The Austronesians in Madagascar and their interaction with the Bantu of the East African coast: Surveying the linguistic evidence for domestic and translocated animals.

Part Of Series:
Studies in Philippine Languages & Cultures; 10-ICAL Austronesian Papers; Volume 18 (2008); pp 1-17
pages 18-43
The Malagasy language is generally considered part of the Barito languages of Borneo and these, in turn, have recently been linked to the Sama-Bajaw group. The dispersal of the Sama-Bajaw in the seventh century was impelled by the expansion of the Srivijaya Malay. Although there is evidence for Austronesian navigators crossing the Indian Ocean prior to 0 AD, they came from a different region of SE Asia, and were not associated with the settlement of Madagascar. The origin of Bantu words in the Malagasy lexicon has been attributed to a wide scatter of East African languages, but it appears that the source of nearly all of them is the Swahili/Sabaki group, which would have dominated the incipient trading networks in this region from the seventh and eighth centuries onwards. This paper takes as a case study the terminology of domestic animals, all of which appears to derive from the languages of the Swahili group, except for nineteenth century introductions. Recent zoogeographic research also suggests the translocation of domestic and wild species across the Mozambique Channel and between the islands; and the Malagasy name for the wild pig, lambo, which reflects Austronesian names for 'bovine'. A provisional list of Malagasy borrowings from Sabaki languages is given in an appendix.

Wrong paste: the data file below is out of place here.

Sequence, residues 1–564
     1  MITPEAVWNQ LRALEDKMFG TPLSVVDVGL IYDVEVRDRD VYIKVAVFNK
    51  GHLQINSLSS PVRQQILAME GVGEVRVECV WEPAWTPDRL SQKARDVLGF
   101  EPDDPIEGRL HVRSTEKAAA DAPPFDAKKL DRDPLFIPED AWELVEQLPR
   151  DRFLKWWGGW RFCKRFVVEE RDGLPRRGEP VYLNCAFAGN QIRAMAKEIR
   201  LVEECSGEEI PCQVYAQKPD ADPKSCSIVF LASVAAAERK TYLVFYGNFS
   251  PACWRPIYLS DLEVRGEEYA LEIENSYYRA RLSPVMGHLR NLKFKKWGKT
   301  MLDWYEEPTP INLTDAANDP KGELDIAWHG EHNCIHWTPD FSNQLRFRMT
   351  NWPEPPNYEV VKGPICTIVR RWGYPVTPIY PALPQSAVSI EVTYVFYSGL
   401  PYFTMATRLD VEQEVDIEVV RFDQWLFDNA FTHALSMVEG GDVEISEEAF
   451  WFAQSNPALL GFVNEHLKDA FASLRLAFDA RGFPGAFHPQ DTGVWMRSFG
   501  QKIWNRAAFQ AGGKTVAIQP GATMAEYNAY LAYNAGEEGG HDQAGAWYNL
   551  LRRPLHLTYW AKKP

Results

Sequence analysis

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historical linguistics
Animal words
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